I have a Flavor Supreme pluot. The year before last it had a lot of fruit. I do not have a pollinator for it, but the neighbor's have a plum. Last year it had only a few fruits. I want to get a pollinator. According to what I read it needs to be another pluot or a plum (there is a list of them). Why can't it be an apricot?
Pluots, like plums, will also need a pollinizer of a different variety to ensure good fruit set. Most pluot varieties will pollinize another pluot variety. Another option is planting certain varieties of plum to pollinize the pluot. Plant a Japanese plum tree within 100 feet of the pluot for cross-pollination. Although a pluot is part apricot, another apricot will not serve as a pollinator.
The most common reasons for non-productive fruit trees are less than 6 hours sunlight daily (more is better) and pruning, which may be excessive and/or which may remove the fruiting wood. Beyond that, it’s important that your fruit trees are irrigated throughout our dry months; the general recommendation is at least once a week, applying adequate water to penetrate 8 to 10 inches deep. Pluots do not grow in alkaline soil, and they require adequate drainage.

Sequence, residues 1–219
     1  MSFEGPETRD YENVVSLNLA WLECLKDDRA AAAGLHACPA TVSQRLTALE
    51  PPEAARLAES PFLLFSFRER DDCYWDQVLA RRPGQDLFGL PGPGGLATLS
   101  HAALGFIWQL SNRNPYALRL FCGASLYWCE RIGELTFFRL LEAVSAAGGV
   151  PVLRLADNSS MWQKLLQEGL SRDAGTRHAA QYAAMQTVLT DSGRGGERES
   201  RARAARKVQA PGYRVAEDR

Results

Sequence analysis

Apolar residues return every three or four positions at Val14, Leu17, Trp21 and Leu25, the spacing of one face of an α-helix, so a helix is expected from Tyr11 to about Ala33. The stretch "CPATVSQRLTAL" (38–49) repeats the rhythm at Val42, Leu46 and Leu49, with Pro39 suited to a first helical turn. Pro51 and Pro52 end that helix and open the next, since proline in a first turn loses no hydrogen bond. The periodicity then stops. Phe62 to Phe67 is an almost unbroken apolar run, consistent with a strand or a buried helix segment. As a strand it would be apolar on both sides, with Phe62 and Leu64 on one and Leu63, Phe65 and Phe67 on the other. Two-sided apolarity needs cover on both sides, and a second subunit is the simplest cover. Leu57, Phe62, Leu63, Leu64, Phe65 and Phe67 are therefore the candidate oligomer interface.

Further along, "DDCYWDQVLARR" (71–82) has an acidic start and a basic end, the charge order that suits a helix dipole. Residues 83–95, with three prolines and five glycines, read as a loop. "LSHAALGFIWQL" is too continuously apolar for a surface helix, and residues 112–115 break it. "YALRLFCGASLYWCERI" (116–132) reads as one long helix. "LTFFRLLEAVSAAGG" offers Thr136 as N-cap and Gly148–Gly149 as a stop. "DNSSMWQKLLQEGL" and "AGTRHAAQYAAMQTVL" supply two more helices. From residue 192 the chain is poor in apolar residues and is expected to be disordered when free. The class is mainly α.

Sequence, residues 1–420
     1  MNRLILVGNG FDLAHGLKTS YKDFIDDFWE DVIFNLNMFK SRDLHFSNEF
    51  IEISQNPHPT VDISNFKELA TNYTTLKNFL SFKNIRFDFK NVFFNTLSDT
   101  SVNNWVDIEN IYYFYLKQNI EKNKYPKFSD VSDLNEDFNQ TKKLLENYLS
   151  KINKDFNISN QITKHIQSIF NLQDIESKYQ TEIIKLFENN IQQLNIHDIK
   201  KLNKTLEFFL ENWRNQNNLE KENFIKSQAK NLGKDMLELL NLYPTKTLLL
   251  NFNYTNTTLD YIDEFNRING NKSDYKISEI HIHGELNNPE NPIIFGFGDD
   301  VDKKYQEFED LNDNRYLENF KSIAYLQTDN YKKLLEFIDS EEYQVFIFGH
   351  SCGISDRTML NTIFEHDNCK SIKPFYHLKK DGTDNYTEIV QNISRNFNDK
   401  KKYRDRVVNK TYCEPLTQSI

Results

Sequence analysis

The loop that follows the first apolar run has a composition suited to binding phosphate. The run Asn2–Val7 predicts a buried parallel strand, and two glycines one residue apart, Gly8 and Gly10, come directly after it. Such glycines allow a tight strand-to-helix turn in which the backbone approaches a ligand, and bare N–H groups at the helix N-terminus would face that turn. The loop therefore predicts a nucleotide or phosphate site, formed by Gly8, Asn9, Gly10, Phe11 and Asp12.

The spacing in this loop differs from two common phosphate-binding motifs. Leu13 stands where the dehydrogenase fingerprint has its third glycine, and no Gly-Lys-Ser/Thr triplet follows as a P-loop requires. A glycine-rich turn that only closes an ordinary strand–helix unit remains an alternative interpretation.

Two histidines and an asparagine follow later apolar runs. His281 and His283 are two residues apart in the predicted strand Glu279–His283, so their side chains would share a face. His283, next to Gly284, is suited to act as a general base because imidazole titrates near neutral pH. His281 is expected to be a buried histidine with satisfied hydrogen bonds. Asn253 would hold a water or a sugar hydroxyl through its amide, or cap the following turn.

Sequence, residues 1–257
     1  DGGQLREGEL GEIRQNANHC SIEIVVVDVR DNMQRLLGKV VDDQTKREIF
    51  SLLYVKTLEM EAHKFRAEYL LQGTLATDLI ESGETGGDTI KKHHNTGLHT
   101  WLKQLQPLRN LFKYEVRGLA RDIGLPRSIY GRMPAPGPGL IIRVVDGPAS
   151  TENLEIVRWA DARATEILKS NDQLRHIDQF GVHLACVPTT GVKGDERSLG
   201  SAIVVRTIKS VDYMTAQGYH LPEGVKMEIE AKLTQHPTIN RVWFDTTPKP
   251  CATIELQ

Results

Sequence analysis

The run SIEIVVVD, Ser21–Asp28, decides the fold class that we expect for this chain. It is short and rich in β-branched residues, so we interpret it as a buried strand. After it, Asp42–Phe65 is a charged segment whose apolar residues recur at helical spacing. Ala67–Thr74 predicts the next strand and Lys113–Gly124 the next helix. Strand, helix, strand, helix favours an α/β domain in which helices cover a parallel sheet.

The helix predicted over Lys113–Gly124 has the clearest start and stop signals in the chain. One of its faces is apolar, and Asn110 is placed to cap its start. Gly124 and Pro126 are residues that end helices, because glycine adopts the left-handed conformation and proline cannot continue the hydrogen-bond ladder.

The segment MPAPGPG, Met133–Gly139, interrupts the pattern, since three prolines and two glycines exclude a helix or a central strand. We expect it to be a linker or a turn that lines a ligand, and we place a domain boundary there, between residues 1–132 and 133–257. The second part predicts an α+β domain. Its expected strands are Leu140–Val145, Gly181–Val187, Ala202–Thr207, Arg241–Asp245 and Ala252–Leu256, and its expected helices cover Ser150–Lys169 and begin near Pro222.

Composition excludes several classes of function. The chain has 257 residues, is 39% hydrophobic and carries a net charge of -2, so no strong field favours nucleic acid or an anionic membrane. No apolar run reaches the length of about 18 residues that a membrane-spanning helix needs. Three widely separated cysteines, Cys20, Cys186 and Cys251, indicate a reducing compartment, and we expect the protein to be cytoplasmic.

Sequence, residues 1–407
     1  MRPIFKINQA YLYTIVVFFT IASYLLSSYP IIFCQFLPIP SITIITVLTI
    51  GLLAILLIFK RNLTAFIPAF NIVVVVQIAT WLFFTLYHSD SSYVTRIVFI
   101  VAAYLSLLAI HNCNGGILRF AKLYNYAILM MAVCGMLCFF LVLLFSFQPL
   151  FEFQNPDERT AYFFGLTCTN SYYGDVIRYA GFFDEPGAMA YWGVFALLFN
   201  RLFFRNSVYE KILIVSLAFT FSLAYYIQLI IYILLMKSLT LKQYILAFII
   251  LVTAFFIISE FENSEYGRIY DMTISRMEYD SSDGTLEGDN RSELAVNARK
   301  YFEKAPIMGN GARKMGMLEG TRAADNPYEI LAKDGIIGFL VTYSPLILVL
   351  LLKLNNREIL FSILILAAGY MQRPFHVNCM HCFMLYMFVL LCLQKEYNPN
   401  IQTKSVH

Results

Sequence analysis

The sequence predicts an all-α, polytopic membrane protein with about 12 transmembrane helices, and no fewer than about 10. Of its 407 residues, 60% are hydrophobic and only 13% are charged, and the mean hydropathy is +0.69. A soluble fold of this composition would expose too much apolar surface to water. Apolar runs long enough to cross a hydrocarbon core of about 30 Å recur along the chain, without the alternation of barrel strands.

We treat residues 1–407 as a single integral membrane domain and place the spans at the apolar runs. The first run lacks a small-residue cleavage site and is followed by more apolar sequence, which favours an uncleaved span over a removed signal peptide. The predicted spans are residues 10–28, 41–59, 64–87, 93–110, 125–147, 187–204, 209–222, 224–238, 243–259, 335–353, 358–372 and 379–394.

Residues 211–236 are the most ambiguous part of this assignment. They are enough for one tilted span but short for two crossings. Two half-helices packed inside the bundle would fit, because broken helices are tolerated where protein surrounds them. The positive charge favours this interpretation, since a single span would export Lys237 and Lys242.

These publications will help you review the situation more thoroughly:
- Home Orchards: Why is There No Fruit on My Tree? (A good article from Penn State)
- Growing Tree Fruits and Nuts in the Home Orchard (Describes how to plan your home orchard; planting and required follow-up care during the first several years to develop a sturdy, vigorous tree; maintenance of bearing trees; as well as harvesting and storage.)
- Training and Pruning Your Home Orchard (Outlines specific guidelines for training and pruning apple, pear, sweet cherry, sour cherry, peach, prune, plum, apricot, fig, persimmon, walnut, hazelnut, and chestnut trees.)